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Japan’s GDP shrank 0.2% in Q1 on inflation, omicron wave

  • May 18, 2022
  • , Nikkei Asia , 12:08 p.m.
  • English Press

By MITSURU OBE, Nikkei Asia chief business news correspondent


TOKYO — Japan’s economy shrank in the first quarter of 2022, as it continues to swing between growth and contraction.


Accelerating inflation and a surge in cases of the omicron COVID variant in the January to March period contributed to a 0.2% drop in the country’s inflation-adjusted gross domestic product from the previous quarter. Data from the Cabinet Office on Wednesday showed the economy shrank at annualized rate of 1.0%.


The result was slightly better than the median forecast for a 0.3% quarterly decline in a survey of 36 economists by the Japan Center for Economic Research. If the effects of inflation are excluded, the economy grew 0.1%.


The world’s third-largest economy has contracted in three of the last five quarters and has yet to return to its pre-pandemic output level. During most of the first quarter, Japan imposed economic restrictions on much of the country as it sought to stem its biggest wave of COVID-19 infections. Many people refrained from shopping or dining out, leading to flat private consumption.


Many economists had feared a deeper slump in private consumption in the first quarter, but the omicron wave peaked in February, allowing consumption to rebound in March.


The household sector was also hit by rising food and energy prices stemming from Russia’s invasion of Ukraine on Feb. 24.


“The positive reading in nominal GDP indicates people did spend more money, but that was due to higher prices, not due to bigger purchase volumes,” said Toru Suehiro, a senior economist at Daiwa Securities.


To cushion the blow from inflation, Prime Minister Fumio Kishida’s government on Tuesday approved a 2.7 trillion yen ($21 billion) fiscal spending program, comprising gasoline subsidies and cash handouts to low-income families. The Bank of Japan is bucking the global monetary tightening trend, keeping the cost of credit at rock-bottom for businesses and households.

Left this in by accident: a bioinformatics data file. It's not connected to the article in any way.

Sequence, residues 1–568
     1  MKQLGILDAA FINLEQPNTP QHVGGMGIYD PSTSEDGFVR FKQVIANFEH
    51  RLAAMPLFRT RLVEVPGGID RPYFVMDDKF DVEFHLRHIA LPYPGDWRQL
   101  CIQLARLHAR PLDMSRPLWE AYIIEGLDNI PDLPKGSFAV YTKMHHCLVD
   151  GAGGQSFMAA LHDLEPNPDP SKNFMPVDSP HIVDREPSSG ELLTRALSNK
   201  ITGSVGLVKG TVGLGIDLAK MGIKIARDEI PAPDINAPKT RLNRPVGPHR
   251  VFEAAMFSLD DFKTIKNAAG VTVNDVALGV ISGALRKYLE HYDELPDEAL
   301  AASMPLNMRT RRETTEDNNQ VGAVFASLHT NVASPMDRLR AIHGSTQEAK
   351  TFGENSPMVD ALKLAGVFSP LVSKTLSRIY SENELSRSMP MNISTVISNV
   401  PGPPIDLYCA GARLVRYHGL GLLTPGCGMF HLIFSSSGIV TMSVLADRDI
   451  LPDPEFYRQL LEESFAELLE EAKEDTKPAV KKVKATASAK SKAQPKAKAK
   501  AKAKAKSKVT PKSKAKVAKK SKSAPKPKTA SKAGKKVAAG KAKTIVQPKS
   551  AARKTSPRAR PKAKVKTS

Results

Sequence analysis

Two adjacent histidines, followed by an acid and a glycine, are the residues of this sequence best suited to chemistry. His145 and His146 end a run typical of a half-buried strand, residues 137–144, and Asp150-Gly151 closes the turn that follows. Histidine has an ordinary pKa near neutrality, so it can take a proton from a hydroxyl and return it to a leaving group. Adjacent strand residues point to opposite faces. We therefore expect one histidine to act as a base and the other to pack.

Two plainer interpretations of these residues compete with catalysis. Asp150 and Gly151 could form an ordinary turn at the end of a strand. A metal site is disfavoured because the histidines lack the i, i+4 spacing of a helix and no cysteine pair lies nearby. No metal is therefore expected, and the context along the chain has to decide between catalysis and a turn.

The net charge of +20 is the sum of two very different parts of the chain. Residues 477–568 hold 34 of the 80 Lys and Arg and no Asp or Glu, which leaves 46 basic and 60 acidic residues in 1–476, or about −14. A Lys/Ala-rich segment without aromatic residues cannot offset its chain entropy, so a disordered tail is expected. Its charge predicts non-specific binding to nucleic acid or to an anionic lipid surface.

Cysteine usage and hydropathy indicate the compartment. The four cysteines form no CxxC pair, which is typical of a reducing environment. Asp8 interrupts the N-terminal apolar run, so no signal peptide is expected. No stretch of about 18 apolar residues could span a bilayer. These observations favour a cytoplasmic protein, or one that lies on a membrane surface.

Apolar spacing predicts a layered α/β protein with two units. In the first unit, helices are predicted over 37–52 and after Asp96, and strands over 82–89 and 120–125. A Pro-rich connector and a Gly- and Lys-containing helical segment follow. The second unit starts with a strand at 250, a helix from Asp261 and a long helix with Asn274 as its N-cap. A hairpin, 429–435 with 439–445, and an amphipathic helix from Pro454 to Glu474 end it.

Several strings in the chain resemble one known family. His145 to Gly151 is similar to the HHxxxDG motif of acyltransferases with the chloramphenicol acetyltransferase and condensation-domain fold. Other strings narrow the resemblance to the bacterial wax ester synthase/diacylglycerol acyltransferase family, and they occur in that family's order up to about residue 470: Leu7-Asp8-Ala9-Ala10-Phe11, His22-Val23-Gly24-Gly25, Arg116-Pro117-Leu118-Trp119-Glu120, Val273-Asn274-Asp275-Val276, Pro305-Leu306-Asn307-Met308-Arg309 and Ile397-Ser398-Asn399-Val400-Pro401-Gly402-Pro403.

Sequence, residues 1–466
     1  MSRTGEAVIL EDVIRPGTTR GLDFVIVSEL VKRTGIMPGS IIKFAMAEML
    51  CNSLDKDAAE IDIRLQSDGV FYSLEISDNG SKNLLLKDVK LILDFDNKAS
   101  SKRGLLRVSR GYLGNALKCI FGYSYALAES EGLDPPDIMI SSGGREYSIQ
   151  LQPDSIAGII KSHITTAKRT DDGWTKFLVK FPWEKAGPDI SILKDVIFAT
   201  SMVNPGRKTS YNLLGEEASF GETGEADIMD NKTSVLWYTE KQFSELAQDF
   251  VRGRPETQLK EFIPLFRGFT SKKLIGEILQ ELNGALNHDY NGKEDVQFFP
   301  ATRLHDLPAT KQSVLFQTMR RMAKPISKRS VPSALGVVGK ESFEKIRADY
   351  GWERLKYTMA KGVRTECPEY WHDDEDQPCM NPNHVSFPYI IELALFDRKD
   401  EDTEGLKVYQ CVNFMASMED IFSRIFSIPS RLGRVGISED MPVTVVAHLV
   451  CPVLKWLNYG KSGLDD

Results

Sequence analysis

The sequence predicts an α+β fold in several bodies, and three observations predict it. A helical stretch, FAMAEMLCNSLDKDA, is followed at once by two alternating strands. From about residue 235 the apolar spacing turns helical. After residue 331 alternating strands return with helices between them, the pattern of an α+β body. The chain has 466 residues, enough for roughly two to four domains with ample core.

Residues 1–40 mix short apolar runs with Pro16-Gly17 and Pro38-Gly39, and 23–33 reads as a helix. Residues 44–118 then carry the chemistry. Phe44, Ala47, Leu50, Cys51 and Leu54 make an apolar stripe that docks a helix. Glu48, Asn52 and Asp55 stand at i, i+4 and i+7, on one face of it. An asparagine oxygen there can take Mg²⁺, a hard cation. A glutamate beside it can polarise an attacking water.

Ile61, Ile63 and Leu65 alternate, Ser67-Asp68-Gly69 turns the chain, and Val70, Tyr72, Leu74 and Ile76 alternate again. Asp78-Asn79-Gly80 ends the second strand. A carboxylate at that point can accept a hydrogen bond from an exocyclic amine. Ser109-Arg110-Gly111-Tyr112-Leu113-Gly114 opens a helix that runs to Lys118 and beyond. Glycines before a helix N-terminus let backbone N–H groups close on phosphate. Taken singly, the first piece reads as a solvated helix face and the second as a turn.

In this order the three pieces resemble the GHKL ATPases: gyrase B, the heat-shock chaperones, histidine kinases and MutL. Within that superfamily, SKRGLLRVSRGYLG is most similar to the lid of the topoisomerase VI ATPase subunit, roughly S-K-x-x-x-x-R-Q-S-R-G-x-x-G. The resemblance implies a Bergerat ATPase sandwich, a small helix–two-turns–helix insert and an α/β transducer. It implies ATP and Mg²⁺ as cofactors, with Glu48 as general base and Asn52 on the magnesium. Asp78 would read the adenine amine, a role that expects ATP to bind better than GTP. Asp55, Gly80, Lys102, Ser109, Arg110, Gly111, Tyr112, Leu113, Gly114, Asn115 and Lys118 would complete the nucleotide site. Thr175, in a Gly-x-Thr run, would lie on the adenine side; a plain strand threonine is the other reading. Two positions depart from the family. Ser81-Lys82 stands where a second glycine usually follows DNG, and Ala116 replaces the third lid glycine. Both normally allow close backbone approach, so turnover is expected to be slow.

Another drag on the economy was sluggish exports. “Export growth was held back by weak auto demand in China,” Suehiro said. Imports, meanwhile, grew, apparently due to purchases of vaccine booster shots.


Cabinet Office data shows that as of the end of March, the nation’s GDP was 0.7% short of the pre-COVID level in 2019.


Japan is not alone in suffering the effects of the Ukraine war and rising prices. The U.S. economy shrank 0.4% on a quarterly basis in the first quarter; the Eurozone eked out 0.3% growth; and China’s GDP growth slowed to 1.3%. The International Monetary Fund last month lowered its forecast for global economic growth this year to 3.6% from 4.4%.


Japan’s economy is expected to grow 1.3% in the current April to June quarter, according to the JCER survey, following the lifting of COVID restrictions on March 21. But the outlook for the rest of year is uncertain due to global inflation, the war and lockdowns in China.


“It is difficult to expect strong export growth for the rest of the year,” as China prioritizes containing COVID outbreaks before the Communist Party national congress in the autumn, said Yuichi Kodama, chief economist for Meiji Yasuda Research Institute. But Kodama added that solid U.S. growth is expected to undergird external demand.


Meanwhile, pent-up demand is likely to lead to rebound in domestic consumption [to pre-COVID levels] during the second quarter, but will later be offset by inflation, he added.


The Cabinet Office data shows that during the first quarter, employee compensation rose 0.7% from the previous quarter in nominal terms, but declined 0.4% when adjusted for inflation.


Wheat prices, which are set by the government twice a year, are likely to increase by 30% to 40% in the next review in October, Kodama warned. “The government may need to come up with another supplementary fiscal program, this time targeted at food prices.”

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